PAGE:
Sage Australia have a MAJOR credibility (and hence brand) issue. They were the out-and-out cloud deniers. They were the definition of company silos (their many divisions rarely talked, let alone collaborated). Now they claim to be a united company, all about the Cloud. “Leap-frogging”… The market is having a significant issue buying what they are selling.

Sometimes to change the culture you’ve gotta change the people

I don’t believe the same “old heads” that guided Sage Australia into the position it was in post Softline and beyond, can reinvent themselves and the brand to be a competitive force, diametrically opposed to what they once stood for. And I can’t fathom that the UK head office, under Stephen Kelly’s leadership wouldn’t agree with me.

And this one isn’t just from the “what would I do” school of gut feel. The mounting facts support the likelihood. The Sage Group reported 3,000 new employees in FY16, yet kept their headcount steady ~13,000. That is, there was staff churn of around 23% worldwide in FY16! Then late in December, AccountantsDaily published this.

I think its a strategic necessity. The stats suggest staff are churning. The reports are this is now entering the leadership ranks. If it quacks like a duck…

How am I tracking?

On April 10, Accountants Daily published an article announcing the impending retirement of Sage Managing Director in Australia Alan Osrin. Boom! 10/10

 

6. Machine Learning really starts to disrupt the Accounting & Bookkeeping Industries

Sage have already released their bot Pegg.

Intuit showed off their new and improved auto-coding of banking transactions (already released) and “QB Bot” (for release this year) at QB Connect late last year.

Xero showcased their removal of coding (by auto-coding of customer and supplier entries) as well as their Xero bot via Facebook chat and Amazon Alexa at XeroCon 2016, for release this year.

Whilst it is not official, it is in the public domain…Ben Ross (former head of Product and Platform at MYOB), has what appears to be some sort of joint venture with MYOB (note his LinkedIn account states “Entreprenuer in Residence” and note the logo colouring) with myadvisor.ai.

My take on AI, the more data a company can analyse, the better their bot has the potential to be. Case in point New Zealand. Xero can know what is happening in the NZ economy, in almost real-time, better than even the NZ IRD (who only get GST data bi-monthly). With about 1/3rd of businesses using Xero there, transacting, you would think, with the other 2/3rds of businesses in the country, it is no longer about random sampling, its about “all of population analysis”. With the right categorisation. With the right algorithms, Xero won’t take long to be better at coding transactions or giving better advice on cash flow etc for New Zealand businesses, than most people.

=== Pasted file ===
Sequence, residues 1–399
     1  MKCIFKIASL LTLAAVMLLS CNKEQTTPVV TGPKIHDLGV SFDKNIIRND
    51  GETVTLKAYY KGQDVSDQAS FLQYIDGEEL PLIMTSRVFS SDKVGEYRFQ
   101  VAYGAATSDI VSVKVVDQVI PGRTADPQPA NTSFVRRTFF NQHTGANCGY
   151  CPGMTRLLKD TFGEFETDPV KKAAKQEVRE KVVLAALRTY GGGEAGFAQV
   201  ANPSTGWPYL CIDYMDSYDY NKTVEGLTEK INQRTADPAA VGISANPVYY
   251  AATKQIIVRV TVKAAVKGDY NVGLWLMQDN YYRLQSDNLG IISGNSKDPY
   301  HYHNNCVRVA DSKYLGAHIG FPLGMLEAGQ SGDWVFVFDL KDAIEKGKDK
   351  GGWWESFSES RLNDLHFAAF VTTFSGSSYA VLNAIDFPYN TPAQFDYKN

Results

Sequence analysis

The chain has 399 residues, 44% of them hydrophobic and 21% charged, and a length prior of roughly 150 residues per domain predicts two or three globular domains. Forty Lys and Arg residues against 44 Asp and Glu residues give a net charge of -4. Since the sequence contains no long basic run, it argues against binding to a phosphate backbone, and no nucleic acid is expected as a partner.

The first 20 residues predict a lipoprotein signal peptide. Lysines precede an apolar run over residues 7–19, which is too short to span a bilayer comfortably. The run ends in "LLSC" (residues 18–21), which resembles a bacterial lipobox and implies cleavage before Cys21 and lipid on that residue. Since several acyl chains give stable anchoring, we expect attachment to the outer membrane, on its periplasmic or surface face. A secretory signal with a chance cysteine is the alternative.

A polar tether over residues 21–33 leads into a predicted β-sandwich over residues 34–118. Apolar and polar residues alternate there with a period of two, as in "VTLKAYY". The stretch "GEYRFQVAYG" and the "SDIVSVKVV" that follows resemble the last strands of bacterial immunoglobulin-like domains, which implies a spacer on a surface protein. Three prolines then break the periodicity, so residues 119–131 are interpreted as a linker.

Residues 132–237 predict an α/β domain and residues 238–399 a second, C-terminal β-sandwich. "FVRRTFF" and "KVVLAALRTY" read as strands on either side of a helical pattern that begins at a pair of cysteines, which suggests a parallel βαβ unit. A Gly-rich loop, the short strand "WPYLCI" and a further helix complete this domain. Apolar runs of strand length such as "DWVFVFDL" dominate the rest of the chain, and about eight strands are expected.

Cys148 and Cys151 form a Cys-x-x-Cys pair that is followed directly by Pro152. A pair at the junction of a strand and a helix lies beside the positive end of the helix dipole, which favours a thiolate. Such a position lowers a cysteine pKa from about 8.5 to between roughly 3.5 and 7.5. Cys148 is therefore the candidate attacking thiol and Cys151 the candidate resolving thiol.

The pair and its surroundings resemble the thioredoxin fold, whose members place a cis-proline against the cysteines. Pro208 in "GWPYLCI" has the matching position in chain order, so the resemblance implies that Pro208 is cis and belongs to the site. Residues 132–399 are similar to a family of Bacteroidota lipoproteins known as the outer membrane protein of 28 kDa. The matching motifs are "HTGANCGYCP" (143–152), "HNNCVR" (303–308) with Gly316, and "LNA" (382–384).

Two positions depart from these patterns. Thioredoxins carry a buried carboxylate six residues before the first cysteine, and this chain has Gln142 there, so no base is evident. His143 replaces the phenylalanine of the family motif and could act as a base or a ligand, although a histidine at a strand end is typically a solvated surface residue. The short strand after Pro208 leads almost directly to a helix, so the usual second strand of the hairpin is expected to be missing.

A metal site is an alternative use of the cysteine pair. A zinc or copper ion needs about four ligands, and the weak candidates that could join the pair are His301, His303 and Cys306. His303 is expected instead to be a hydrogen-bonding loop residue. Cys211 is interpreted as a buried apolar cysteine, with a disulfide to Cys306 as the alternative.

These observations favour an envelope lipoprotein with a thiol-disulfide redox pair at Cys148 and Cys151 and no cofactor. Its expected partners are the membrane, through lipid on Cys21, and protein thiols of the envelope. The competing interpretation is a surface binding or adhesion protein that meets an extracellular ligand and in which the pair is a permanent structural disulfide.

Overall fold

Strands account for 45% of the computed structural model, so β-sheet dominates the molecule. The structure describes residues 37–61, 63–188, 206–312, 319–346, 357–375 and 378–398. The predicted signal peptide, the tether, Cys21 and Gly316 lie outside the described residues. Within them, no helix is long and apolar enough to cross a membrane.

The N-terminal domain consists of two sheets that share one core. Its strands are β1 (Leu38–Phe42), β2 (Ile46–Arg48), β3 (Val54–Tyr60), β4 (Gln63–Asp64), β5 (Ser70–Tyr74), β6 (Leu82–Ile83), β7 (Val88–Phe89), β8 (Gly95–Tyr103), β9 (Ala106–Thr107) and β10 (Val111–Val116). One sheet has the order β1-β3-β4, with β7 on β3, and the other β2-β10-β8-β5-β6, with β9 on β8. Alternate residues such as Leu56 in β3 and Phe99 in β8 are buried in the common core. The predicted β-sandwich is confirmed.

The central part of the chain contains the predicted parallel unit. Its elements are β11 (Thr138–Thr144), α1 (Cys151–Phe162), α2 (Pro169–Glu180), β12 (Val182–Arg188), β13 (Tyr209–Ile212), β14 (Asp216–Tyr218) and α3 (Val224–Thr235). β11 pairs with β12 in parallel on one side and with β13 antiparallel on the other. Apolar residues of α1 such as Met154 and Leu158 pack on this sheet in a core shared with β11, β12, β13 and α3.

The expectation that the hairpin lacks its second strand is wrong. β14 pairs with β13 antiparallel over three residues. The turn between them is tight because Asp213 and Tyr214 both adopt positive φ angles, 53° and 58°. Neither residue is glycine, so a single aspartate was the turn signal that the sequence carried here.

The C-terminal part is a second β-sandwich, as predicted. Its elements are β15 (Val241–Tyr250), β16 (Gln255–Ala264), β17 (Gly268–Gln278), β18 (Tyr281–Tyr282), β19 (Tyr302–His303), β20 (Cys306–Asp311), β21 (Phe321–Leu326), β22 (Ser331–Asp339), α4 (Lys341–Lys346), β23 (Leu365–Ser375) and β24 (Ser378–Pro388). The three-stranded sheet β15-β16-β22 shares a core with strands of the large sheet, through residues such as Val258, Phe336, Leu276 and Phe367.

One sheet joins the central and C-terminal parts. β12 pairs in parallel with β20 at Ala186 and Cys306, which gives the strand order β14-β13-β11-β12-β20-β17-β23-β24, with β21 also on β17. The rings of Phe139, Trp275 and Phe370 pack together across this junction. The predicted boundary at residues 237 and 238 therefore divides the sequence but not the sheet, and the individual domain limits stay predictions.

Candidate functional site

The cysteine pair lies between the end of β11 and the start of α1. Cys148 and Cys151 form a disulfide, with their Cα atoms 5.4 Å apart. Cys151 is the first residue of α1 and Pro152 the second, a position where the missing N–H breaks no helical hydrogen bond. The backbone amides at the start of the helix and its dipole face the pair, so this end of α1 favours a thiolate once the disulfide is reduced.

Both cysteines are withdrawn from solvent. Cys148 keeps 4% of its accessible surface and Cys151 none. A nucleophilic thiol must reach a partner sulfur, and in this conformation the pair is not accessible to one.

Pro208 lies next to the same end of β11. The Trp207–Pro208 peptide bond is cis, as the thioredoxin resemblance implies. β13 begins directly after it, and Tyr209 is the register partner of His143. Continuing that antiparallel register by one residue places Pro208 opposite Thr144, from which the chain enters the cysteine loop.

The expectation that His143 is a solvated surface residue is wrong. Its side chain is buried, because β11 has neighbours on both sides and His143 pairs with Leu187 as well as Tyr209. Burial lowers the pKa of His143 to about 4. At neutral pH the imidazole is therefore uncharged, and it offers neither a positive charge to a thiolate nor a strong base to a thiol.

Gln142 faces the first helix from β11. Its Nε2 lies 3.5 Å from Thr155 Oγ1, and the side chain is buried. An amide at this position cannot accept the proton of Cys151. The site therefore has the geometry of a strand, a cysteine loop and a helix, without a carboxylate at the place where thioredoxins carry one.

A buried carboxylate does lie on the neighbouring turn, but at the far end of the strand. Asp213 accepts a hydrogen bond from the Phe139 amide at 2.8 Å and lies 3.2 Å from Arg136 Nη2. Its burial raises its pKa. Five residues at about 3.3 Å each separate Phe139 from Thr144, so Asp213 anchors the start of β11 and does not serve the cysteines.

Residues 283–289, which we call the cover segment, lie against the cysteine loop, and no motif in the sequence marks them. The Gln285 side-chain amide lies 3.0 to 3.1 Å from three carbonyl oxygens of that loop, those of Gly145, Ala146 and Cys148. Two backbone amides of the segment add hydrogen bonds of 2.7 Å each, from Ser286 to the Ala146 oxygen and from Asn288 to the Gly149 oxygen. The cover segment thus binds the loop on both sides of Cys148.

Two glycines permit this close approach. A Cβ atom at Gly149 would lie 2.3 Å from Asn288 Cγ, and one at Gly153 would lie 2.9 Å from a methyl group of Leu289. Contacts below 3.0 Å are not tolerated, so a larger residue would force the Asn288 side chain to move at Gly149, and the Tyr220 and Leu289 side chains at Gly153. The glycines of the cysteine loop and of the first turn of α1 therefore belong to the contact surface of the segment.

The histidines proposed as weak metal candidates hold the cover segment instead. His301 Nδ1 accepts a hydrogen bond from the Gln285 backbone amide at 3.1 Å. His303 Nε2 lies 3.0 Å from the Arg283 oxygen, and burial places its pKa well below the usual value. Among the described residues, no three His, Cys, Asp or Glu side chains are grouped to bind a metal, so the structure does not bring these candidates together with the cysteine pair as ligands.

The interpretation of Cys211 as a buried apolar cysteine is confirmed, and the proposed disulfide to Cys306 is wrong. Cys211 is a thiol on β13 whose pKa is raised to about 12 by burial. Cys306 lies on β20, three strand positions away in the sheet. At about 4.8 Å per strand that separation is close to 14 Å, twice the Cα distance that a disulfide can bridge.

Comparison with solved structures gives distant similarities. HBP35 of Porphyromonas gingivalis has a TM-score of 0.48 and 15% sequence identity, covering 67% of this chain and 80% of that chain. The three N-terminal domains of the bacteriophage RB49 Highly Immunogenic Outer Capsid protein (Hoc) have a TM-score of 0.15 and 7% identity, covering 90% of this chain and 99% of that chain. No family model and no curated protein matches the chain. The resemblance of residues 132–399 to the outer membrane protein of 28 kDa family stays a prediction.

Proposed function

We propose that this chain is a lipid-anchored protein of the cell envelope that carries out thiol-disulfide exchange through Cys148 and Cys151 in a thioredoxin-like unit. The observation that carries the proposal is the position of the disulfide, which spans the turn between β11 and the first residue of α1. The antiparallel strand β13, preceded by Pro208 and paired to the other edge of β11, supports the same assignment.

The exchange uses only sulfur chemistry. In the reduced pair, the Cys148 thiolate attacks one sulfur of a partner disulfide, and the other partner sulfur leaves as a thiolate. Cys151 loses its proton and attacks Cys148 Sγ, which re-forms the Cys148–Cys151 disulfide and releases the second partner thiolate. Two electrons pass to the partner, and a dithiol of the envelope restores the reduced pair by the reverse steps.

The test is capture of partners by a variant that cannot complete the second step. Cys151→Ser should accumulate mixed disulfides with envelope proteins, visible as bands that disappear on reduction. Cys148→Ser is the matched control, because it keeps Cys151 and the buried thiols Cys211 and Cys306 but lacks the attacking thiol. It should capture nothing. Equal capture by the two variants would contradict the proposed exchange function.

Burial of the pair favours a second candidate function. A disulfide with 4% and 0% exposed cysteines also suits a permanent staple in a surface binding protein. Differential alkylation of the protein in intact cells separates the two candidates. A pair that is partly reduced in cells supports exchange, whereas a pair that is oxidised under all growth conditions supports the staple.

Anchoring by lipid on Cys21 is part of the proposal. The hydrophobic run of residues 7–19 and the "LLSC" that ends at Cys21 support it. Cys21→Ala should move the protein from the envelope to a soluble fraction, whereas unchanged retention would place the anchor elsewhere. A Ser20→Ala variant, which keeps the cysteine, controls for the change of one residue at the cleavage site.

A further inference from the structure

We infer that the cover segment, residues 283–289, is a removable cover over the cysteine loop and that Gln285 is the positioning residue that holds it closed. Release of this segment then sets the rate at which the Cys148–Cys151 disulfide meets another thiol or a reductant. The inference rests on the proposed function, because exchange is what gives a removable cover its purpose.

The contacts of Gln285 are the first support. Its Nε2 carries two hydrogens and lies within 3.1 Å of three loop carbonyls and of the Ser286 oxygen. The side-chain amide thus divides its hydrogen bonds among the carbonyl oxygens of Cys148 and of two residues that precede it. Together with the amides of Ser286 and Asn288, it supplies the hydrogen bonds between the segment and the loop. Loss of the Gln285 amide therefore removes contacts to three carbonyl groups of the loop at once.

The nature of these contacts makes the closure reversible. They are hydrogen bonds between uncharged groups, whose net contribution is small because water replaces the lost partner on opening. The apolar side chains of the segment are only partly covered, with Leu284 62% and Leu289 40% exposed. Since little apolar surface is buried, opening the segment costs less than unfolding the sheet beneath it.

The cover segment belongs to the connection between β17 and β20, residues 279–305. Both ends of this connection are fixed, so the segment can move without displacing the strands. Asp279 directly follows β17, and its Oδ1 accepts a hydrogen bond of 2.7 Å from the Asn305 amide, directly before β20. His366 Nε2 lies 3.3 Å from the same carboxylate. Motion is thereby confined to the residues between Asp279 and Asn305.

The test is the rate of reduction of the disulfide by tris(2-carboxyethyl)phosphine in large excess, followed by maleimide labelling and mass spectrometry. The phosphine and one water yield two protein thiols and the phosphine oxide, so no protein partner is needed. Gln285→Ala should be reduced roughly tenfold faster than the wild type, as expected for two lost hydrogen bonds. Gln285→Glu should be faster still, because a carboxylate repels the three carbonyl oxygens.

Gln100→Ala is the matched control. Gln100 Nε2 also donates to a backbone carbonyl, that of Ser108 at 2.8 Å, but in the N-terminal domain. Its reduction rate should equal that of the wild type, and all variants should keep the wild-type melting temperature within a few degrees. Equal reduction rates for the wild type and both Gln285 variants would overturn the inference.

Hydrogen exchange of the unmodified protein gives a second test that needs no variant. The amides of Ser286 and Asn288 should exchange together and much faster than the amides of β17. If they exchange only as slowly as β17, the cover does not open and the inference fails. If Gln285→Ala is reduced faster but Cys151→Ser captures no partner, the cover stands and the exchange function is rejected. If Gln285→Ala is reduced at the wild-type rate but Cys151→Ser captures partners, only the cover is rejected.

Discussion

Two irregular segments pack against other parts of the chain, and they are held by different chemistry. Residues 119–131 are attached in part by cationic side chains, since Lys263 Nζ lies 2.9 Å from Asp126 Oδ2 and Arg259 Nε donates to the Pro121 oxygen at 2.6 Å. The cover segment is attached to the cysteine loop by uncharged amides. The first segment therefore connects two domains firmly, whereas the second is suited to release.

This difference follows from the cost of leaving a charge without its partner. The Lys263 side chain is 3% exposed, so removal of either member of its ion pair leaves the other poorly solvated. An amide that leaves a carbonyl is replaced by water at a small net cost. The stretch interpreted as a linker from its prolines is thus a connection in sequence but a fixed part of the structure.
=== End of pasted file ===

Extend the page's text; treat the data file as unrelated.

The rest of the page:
As mere mortals, our limited frame of reference and ability to analyse based on finite spheres of education and experience, simply cannot compete with the ability for algorithms to perform the same task.

And here’s my point, 2017 is the year that the naysayers and those with their heads in the sand still busy with basic BAS compliance, bank rec’s and data entry, will start to see real-life consequences of technology on their old business models.

“Cloud Accounting” was NEVER going to be just about a deployment model people. The Cloud is data aggregation and what you do with it!


How am I tracking?

In retrospect, this is a little too subjective for my liking. I could say I was right, but its not for me to say, each individual bookkeeper and accountant will have an opinion on this. For my sins of “airy fairiness”, I’ll mark this one down as a fail. 0/10. 

7. The rise of Governance consulting

In 2016 I completed the Australian Institute of Company Directors (AICD) Company Directors Course. During the course I had an epiphany. Governance seems a logical evolution for accounting professionals. Not just trying to come down into technology and operational “advisory services” (that bots will ultimately automate), but shifting up into recurrent governance oversight consulting and helping organisations in key areas such as strategy, compliance and risk management.

There will likely be at least one BIG common law case in Australia in 2017 (7-Eleven and/or Dreamworld perhaps?), plus the handing down of the “Royal Commission into Institutional Responses to Child Sexual Abuse” that will evolve the obligation of governance on directors and increase awareness of the need for directors to fulfil their duties of oversight (beyond those imposed by the Centro case in 2011).

There’s also a rising tide of business owning baby boomers approaching retirement with little to no succession plans. Clear governance of strategy, growth and risk seems a logical way to separate the individual from the entity and drive up sale multiples. Its seems a logical service offering that accounting professionals can deliver.